An Emoji is Worth 1,000 Words

July 19, 2021
By Lynne Hewitt
Posted in E-Discovery Services

By Lynne Hewitt

and the eDiscovery Committee at SMGG:  Gretchen Moore, Lydia Gorba, and Maryann Mahoney

In modern communication emojis have become ubiquitous. So much so that last year Vermont introduced legislation to allow emojis to be used on vanity license plates. In fact, emoji license plates have been available in Queensland, Australia since 2019.

Emojis, first introduced in 1999, are a way to communicate tone in written communication. The “smile” emoji can take what might be interpreted as harsh criticism and change it to sarcasm or a joke. Often single emoji in a message or email can communicate an idea more effectively than a paragraph of text. Because they are an integral part of today’s communications, they are also an important part of the discovery process.

There is more and more caselaw, civil and criminal, that involves emojis—from 2018 to 2019 the number of cases nearly doubled and there are no signs of that trend slowing. Despite the increase in litigation related to emojis the technology to interpret them in discovery is lagging. Anyone who’s ever collected text messages is familiar with the dreaded “�” indicating an emoji was used but, was not rendered in the discovery production process.

There are certainly situations where that missing emoji is essentially meaningless, but then there is the nightmare scenario.  In this situation you have Anne sending an email to her co-worker Frank; they both work in the HR department.

To: Frank Smith

From: Anne Jones

Date: 3/12/2021 4:43 PM

Subject: Complaint

Hi Frank,

Julie Adams just came to me an told me that Bob Roberts got handsy with her at the company happy hour last night. I’m headed out on vacation; can you start the investigation?


To: Anne Jones

From: Frank Smith

Date: 3/12/2021 5:30 PM

Subject: RE: Complaint

Really? Julie is something else. 🍆 I’ll look into it. Enjoy Florida!

The presence of the eggplant emoji dramatically changes the tone of the email from one that is fairly innocuous to one that is not. If the emoji doesn’t render, crucial evidence is lost. Further, if one side has a version with the emoji and the other doesn’t it can lead to an unfortunate “gotcha” moment.

Emojis have taken on secondary and even tertiary meanings and the meanings can change in the time it takes a Tweet to go viral. It’s crucial to understand these meanings and understand the timing of their evolution. For example, in September of 2019 the Anti-Defamation league added the “okay” symbol to its hate list as it’s become a symbol for white supremacy groups.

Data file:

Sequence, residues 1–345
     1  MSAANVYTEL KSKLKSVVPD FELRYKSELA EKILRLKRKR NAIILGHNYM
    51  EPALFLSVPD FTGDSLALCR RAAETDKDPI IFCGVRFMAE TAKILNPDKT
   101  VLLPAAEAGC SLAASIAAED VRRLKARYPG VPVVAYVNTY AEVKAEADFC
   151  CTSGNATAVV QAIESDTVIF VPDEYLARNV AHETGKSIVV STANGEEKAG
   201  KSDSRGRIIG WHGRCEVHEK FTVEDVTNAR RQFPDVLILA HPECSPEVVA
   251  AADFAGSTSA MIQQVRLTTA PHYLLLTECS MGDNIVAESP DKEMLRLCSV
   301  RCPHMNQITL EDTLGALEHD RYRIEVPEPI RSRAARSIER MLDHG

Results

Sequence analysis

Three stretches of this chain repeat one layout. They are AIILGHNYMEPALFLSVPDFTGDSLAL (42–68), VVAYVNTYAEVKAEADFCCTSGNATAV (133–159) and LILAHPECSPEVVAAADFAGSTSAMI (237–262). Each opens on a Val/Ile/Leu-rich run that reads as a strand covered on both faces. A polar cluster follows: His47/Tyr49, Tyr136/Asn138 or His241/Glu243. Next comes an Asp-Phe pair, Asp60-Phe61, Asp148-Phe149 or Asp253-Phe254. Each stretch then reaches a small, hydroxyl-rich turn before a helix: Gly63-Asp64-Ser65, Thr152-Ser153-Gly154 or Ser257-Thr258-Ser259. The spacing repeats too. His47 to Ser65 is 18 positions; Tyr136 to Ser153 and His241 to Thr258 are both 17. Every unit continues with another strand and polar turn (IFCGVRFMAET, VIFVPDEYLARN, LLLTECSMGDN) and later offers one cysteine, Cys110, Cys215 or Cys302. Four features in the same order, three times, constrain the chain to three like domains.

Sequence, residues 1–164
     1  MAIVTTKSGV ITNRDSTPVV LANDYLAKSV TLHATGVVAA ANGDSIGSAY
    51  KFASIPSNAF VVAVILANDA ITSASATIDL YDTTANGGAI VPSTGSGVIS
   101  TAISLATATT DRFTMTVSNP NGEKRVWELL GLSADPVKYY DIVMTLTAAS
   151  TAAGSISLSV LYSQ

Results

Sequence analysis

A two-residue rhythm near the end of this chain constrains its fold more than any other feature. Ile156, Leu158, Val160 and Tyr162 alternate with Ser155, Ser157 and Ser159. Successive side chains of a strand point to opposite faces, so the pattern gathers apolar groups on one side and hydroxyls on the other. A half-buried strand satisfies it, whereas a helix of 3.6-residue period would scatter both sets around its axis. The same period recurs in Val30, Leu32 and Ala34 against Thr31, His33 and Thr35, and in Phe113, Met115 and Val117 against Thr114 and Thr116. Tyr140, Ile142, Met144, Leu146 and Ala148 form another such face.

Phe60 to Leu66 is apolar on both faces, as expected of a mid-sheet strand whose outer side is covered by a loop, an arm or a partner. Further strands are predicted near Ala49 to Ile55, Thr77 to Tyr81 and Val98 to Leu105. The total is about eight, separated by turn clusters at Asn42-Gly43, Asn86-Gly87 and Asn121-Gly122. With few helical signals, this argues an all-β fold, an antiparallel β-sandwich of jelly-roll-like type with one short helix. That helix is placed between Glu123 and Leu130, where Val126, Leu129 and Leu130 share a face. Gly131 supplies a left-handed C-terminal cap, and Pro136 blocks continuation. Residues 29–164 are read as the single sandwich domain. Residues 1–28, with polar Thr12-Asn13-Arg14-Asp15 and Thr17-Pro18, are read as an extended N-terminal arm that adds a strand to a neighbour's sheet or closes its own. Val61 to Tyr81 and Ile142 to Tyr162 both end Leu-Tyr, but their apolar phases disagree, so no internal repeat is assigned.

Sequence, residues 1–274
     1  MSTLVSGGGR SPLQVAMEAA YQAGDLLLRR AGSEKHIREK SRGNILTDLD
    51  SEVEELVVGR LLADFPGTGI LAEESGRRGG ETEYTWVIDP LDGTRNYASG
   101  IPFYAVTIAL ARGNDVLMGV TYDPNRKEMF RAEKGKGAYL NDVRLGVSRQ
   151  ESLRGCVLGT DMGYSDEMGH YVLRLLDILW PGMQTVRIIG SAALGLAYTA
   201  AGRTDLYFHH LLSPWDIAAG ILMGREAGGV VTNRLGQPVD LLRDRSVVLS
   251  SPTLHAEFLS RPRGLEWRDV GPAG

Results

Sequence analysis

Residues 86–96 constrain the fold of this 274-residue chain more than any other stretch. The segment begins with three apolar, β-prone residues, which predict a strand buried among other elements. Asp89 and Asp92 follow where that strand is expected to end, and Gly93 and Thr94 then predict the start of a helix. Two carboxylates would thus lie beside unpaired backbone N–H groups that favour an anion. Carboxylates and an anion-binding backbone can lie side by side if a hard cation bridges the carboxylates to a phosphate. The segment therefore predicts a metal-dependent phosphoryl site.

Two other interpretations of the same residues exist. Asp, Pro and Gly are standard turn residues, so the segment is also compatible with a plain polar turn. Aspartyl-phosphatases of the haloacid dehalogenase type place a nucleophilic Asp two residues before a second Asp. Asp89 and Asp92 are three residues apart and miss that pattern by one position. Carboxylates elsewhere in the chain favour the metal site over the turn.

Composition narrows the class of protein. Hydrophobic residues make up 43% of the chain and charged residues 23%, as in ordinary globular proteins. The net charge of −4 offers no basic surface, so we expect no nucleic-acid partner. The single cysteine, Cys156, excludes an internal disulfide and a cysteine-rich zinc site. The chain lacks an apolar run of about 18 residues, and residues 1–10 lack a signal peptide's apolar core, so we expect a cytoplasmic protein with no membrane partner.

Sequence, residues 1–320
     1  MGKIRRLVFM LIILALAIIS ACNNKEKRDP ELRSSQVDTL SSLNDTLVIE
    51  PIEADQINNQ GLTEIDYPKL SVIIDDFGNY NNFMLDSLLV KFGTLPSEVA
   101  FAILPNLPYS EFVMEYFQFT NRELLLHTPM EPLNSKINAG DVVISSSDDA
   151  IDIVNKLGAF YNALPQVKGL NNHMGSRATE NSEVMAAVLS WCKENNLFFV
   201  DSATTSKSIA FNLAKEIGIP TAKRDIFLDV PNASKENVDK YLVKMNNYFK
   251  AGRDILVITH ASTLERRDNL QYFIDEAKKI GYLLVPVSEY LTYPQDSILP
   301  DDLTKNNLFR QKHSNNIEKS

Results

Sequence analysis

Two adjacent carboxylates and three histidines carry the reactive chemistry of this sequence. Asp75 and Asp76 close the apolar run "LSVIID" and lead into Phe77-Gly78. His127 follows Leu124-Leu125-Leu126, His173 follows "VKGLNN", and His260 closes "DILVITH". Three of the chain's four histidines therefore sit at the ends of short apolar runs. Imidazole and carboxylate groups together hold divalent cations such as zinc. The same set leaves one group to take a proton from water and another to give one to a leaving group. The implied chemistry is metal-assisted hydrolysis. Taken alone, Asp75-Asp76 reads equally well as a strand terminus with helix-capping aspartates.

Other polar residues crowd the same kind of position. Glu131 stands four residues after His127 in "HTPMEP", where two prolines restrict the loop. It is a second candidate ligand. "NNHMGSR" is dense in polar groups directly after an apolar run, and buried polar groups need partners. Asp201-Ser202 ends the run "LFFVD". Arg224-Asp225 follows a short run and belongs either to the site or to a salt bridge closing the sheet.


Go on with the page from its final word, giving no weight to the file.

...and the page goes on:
There is no definitive lexicon for emoji use and there are many challenges to beginning to create one. Context matters. The same emoji can be texted by the same person to different people and mean something completely different. Legal professionals need to be mindful of this. Often context will only be found in further discovery—interrogatories, depositions, etc., but only if you know what questions to ask.

Complicating things even more is the reality that e-discovery technology has not fully caught up to emoji use. In 2019 Relativity, a leader in e-discovery technology, introduced the Relativity Short Message Format (RSMF) as a unified message format that processes and renders short message data like, Slack, SMS, iMessage, Bloomberg, and Skype with their attachments. In this format you can search for specific emojis, but there are still issues. The RSMF format renders ~1,000 different emojis.  At last count Slack alone has 26-million different emoji.

So, what should we do? As legal professionals we must be diligent and ensure that all the data we collect is processed properly so we can take full advantage of the tools available. We also must recognize the constantly evolving world around us so we can fully understand the necessary context and recognize when we need to dig deeper. SMGG leverages KLDiscovery’s portfolio of eDiscovery solutions and consultative expertise to assist with tackling these challenges.  Call the litigation attorneys of Strassburger McKenna Gutnick & Gefsky to assist you with your litigation needs. Lynne Hewitt is CEDS certified and co-chairs the firm’s eDiscovery Committee with Shareholder Gretchen Moore. Ms. Moore can be reached at or 412-281-5423.